Introduction and Overview of Wireless Sensor Networks

Introduction and Overview of Wireless Sensor Networks

Wenbin Jiang (Huazhong University of Science and Technology, China), Hai Jin (Huazhong University of Science and Technology, China), Chen Yu (Huazhong University of Science and Technology, China) and Chao Liu (Huazhong University of Science and Technology, China)
DOI: 10.4018/978-1-61520-701-5.ch001
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Wireless sensor networks (WSNs) are becoming increasingly popular, which is changing the way people perceive the world largely, as well as the living styles of human beings. To give readers a basic, wide view of WSNs and make them understood more deeply, this chapter introduces their various aspects briefly, including basic concepts, architectures and protocols, etc. Moreover, it discusses their recent developments, challenges and new trends, based on analysis of many meaningful references. Some classic applications are also shown to approve the popularity of Wireless Sensor Networks.
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What Are Wireless Sensor Networks?

The concept of WSNs was proposed by the U.S. military as early as 1970’s. From then on, many research projects, applications and theories about WSNs have come forth. Recalling the history of the development of sensor networks, we can roughly divide it into several stages as follows (Chong, & Kumar, 2003).

In the 1970s, the emergence of some prototypes of sensor networks with traditional point-to-point transmission could be referred to as the first generation of sensor networks. In 1979, the Defense Advanced Research Projects Agency (DARPA) of USA launched the Distributed Sensor Networks Program (DSN). It was one of the representatives.

From 1980s to 1990s, processing and communications capabilities of sensor nodes were improved obviously, which made these nodes can work together by networking with each other. However, during this period, research work still mainly focused on the military field such as, SensIT plan (Sensor Information Technology), WINS (Wireless integrated network sensors) launched by DARPA. It is regarded as the second generation sensor networks.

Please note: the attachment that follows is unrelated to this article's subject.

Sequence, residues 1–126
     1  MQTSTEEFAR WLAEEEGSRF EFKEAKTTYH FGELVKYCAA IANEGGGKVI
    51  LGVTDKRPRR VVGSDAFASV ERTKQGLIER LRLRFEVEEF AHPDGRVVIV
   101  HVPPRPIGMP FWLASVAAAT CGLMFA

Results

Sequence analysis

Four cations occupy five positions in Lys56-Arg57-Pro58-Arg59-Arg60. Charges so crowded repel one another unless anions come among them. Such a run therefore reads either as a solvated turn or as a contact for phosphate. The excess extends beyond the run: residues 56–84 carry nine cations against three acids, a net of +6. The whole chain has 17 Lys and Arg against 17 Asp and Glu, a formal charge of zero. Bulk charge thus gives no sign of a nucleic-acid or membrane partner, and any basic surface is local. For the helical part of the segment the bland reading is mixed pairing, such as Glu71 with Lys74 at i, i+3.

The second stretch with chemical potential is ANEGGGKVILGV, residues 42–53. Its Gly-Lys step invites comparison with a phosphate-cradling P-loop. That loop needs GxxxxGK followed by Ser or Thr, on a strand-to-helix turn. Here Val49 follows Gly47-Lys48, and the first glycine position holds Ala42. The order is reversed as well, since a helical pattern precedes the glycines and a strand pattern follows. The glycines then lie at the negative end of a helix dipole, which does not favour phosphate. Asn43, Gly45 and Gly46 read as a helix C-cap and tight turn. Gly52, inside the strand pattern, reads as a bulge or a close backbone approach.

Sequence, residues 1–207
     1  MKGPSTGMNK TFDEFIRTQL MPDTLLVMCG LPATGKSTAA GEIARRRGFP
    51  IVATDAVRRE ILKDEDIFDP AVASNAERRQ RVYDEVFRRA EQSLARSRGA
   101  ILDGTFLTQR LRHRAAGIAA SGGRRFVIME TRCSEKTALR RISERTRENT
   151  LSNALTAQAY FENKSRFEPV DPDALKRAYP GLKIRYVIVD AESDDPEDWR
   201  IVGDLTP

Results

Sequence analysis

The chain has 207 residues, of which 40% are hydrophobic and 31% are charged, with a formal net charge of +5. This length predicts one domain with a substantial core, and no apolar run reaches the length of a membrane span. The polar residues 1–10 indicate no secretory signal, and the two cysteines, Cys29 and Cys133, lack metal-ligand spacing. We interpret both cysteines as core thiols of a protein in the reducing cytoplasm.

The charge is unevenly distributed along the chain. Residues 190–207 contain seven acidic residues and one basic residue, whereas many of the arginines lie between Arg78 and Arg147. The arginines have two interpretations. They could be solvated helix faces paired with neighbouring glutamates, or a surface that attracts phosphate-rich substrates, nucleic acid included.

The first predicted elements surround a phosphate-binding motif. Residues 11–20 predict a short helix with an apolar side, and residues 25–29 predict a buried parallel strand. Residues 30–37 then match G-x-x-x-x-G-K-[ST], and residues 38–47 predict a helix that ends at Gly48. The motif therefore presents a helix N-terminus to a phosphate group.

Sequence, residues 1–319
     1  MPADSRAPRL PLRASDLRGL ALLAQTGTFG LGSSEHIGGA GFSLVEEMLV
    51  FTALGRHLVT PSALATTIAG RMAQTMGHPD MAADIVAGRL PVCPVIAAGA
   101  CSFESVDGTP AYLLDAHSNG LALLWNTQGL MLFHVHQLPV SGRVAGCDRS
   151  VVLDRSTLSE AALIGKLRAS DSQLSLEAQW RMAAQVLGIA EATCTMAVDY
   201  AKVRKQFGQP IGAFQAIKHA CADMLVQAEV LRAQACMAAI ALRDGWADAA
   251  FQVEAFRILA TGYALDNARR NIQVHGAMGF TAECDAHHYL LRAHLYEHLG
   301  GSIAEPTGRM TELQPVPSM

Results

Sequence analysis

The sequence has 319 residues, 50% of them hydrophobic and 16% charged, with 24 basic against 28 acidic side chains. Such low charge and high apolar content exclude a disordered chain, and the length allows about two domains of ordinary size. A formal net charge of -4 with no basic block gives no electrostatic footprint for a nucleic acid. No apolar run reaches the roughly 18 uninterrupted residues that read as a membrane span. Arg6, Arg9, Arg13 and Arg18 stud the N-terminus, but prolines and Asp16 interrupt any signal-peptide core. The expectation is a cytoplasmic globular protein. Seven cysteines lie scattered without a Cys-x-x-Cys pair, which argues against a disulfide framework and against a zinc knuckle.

With the continuous development of related technologies such as microelectronics, wireless communications, network transmission, from the end of the 20th century, WSNs have attracted wide attentions from academia, military and industry, which really set off a high wave of the development of WSNs technologies. Many projects have been launched and many applications have been deployed in various fields, which include military, environment monitoring, health care, intelligent home, urban transportation, space exploration, public safety monitoring, etc. Some representative projects are C4KISR Plan of DARPA, ALERT of U.S National Weather Service, SSIM program of Wayne State University, etc.

Although WSNs have affected various aspects of our work and life, different people still have different understandings about WSNs.

Key Terms in this Chapter

Time Synchronization: It aims at synchronizing the time of all sensor nodes in a wireless sensor network, or making different events take place in some specified order.

Data-centric: Refers to approaches, methods that focus on the data instead of processing nodes.

Wireless Sensor Network: A network consisting of some wireless sensor nodes that are distributed spatially for cooperatively monitoring physical or environmental conditions.

Middleware: A flexible software component that exists between the above application layer and the below network, link layers, which can simplify the development of software and improve its reusability, reliability and scalability.

Localization: It aims at locating the places where various events take places exactly.

Resource-Aware: Refers to methods that pay main attention to resources such as power, bandwidth, memory, etc.

Generality: The generality can be regarded as the integration of the compatibility, interchangeability, and simplicity, etc., which make the system more extendable and standardized.

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